Skip to content

Professor Mike Brewer Director of MiSoC, University of Essex

Mbrewer photo20180601 21118 he9jkr
Email
mbrewer@essex.ac.uk
Telephone
01206 873374
Office
2N2.5A.11
Personal homepage
https://mikebrewereconomics.com/

Curriculum vitae


Research Interests

  • labour economics, and especially evaluating the impact of labour market or welfare interventions
  • inequality, poverty and measuring household living standards

  • microsimulation and labour supply modelling, especially of families with children

  • dynamics of family formation, and impacts of parental separation

Mike's main research interests are in how welfare benefits, labour market programmes, childcare provision and the tax system affects decisions made by households. He is also interested in poverty and inequality, and ways of measuring household living standards. He has been a long-time proponent of a simpler and more integrated welfare system, and his work on an integrated benefit system has been acknowledged as having informed current government policy.

View Mike's earlier publications


Latest Blog Posts

    See all posts

    Publications

    Displaying publications 76 - 83 of 83 in total

    1. Does welfare reform affect fertility? Evidence from the U.K.

      Mike Brewer, Anita Ratcliffe, and Sarah Smith

      1. Demography
      2. Welfare Benefits
    2. Britain's war on poverty

      Mike Brewer

    3. An anatomy of economic inequality in the UK: report of the National Equality Panel

      John Hills, Mike Brewer, Stephen P. Jenkins, et al.

      1. Economics
      2. Income Dynamics
    4. Micro-simulating child poverty in 2010 and 2020

      Mike Brewer, James Browne, Robert Joyce, et al.

      1. Poverty
      2. Welfare Benefits
    5. Micro-simulating Child Poverty in Great Britain in 2010 and 2020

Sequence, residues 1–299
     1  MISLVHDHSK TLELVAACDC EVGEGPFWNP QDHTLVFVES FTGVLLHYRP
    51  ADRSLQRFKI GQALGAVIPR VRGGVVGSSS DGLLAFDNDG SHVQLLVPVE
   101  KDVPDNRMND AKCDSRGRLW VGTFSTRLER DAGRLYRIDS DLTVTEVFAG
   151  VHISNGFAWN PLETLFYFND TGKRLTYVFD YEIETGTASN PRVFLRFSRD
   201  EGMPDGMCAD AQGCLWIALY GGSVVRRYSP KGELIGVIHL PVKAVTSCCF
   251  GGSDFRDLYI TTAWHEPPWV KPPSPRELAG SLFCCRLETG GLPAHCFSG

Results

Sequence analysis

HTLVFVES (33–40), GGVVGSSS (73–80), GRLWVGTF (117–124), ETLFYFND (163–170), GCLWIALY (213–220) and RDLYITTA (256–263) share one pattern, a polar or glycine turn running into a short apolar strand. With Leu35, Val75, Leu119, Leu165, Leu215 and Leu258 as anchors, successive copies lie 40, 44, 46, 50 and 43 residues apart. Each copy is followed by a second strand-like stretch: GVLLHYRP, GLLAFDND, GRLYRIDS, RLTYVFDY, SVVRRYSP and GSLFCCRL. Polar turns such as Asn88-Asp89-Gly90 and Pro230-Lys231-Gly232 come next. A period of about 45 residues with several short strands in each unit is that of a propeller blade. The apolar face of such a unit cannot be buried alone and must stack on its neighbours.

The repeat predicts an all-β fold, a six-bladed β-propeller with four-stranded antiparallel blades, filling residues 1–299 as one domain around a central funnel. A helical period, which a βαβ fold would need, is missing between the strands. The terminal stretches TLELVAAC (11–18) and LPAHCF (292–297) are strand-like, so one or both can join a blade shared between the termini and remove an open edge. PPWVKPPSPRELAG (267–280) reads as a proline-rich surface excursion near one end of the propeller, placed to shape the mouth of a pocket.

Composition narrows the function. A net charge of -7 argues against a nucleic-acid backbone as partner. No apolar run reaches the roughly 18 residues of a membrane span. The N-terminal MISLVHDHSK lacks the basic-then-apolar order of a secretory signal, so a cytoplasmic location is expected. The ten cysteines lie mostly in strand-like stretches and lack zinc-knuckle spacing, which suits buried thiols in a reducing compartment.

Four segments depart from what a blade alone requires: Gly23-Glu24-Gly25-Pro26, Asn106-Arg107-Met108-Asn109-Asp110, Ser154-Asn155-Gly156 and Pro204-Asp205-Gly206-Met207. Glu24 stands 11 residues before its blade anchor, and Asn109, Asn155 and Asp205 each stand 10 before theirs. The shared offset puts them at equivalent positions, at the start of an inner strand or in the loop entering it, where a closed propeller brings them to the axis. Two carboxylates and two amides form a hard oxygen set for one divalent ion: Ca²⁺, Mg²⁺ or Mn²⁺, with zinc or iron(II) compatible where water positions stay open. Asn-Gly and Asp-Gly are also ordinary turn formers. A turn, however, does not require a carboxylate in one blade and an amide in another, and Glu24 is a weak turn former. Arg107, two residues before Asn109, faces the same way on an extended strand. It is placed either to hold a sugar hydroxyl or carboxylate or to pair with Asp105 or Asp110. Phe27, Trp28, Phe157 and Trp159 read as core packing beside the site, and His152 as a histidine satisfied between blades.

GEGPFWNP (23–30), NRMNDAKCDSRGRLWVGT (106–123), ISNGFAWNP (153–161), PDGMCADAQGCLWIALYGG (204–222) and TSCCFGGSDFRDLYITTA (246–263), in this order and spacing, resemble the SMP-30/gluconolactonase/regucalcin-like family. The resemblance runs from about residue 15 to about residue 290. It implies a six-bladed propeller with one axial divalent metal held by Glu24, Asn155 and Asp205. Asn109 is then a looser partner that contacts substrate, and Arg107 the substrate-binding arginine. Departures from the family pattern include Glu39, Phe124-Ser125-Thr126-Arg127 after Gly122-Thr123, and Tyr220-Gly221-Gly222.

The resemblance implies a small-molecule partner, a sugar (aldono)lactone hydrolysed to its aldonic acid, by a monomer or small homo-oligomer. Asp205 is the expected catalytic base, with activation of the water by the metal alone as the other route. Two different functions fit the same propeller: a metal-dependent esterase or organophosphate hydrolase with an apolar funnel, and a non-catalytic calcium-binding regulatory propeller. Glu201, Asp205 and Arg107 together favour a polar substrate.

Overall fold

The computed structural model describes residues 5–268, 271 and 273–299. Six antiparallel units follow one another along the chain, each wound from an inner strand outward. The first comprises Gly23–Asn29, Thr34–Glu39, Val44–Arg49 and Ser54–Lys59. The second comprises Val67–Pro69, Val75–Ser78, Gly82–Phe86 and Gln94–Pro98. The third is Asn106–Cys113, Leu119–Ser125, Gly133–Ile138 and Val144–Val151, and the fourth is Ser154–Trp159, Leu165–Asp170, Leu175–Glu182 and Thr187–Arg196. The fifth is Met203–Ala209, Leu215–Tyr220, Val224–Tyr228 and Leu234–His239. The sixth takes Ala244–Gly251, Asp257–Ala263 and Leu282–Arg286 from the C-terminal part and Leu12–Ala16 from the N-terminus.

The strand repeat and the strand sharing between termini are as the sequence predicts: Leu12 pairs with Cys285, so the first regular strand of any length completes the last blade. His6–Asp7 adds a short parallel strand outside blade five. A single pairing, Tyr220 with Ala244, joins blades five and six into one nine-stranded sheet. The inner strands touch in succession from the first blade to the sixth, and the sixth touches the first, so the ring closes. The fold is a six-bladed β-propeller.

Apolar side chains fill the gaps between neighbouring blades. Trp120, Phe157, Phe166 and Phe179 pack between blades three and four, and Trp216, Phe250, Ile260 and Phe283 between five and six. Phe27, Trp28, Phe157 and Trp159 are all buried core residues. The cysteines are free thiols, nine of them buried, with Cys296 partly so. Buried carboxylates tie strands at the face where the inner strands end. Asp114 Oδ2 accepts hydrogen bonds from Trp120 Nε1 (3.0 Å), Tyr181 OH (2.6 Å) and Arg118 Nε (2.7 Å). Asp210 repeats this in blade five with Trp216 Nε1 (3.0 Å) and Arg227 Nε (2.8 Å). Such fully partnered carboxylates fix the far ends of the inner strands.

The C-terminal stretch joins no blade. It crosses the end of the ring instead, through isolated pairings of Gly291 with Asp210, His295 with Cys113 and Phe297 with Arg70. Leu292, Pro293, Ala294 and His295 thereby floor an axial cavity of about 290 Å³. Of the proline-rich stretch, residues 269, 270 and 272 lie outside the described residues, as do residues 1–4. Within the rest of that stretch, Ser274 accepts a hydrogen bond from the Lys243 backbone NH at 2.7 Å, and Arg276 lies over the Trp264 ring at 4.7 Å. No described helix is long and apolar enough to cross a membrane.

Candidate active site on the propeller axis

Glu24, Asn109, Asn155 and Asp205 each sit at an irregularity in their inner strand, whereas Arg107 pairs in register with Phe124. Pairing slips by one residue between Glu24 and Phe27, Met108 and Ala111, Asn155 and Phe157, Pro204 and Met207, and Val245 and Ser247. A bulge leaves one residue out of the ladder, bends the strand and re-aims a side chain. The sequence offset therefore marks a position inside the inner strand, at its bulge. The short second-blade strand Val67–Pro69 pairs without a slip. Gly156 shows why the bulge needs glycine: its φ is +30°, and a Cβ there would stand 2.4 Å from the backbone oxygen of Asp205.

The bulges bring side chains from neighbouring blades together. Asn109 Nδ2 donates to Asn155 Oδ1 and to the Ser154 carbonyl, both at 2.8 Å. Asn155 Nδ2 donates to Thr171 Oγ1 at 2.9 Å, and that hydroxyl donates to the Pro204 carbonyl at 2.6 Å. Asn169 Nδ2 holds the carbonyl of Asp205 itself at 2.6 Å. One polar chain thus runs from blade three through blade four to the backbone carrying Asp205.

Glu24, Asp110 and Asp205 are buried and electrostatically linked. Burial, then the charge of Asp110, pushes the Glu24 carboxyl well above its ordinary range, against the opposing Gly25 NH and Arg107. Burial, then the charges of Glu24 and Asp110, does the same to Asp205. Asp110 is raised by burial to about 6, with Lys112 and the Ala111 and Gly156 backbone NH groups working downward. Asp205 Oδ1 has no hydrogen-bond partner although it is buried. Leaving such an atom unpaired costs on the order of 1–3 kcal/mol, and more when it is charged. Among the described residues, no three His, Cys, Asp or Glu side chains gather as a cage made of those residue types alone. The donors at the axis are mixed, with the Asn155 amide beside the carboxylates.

Mike Brewer, James Browne, and Holly Sutherland

    6. Microsimulating Child Poverty in 2010 and 2020

      Mike Brewer, James Browne, and Holly Sutherland

    7. The short and longer term impacts of the recession on the UK income distribution

      Mike Brewer, James Browne, Robert Joyce, et al.

    8. Why are households that report the lowest incomes so well-off?

      Mike Brewer, Ben Etheridge, and Cormac O'Dea

      1. Poverty
      2. Living Standards
      3. Household Economics

    Media

    Displaying media publications 61 - 75 of 115 in total

    1. Scottish independence: benefits should be UK-led

    2. Better-off hit hardest by recession initially; poor feeling the squeeze now

    3. Better-off suffered first but the poor now feel the recession biting

    4. Scottish independence: experts chosen to draw up Scots welfare plans

    5. No women on panel designing Scotland's new welfare system

    6. Scottish independence: experts chosen to draw up Scots welfare plans

    7. Scottish independence: experts to examine potential welfare system

    8. Sturgeon unveils panel to find 'Scottish values' alternative to Westminster benefit cuts

    9. Value judgements. What is the best measure of living standards, and does the value of housing play an important role?

    10. Living standards report shows bleak future of a divided Britain: study says rich will get richer and the poor poorer after pounds 10bn welfare cuts

    11. Report forecasts a growing jobs divide

    12. Clegg must make a Left turn to save the Lib Dems from disaster

    13. This pleb jibe exposes the Tories' Flashman thinking: Cameron and Mitchell rule for 'people like us'. The Lib Dems should never be complicit in their attacks on the poor

    14. Nick Clegg must make a Left turn to save the Lib Dems from disaster; the party's voters won't allow a deal with the Tories in 2015 - it's time to make eyes at Labour

    15. This pleb jibe exposes the Tories' Flashman thinking


    Centres and surveys

    Micro-social change, surveys and data, tax and benefit microsimulation

    News

    Keep up to date with new research findings and projects

    Events

    Conferences, seminars and workshops

    People

    Meet our researchers and our students

    Jobs

    Work with our expert research team and support staff

    Contact

    Get in touch and find us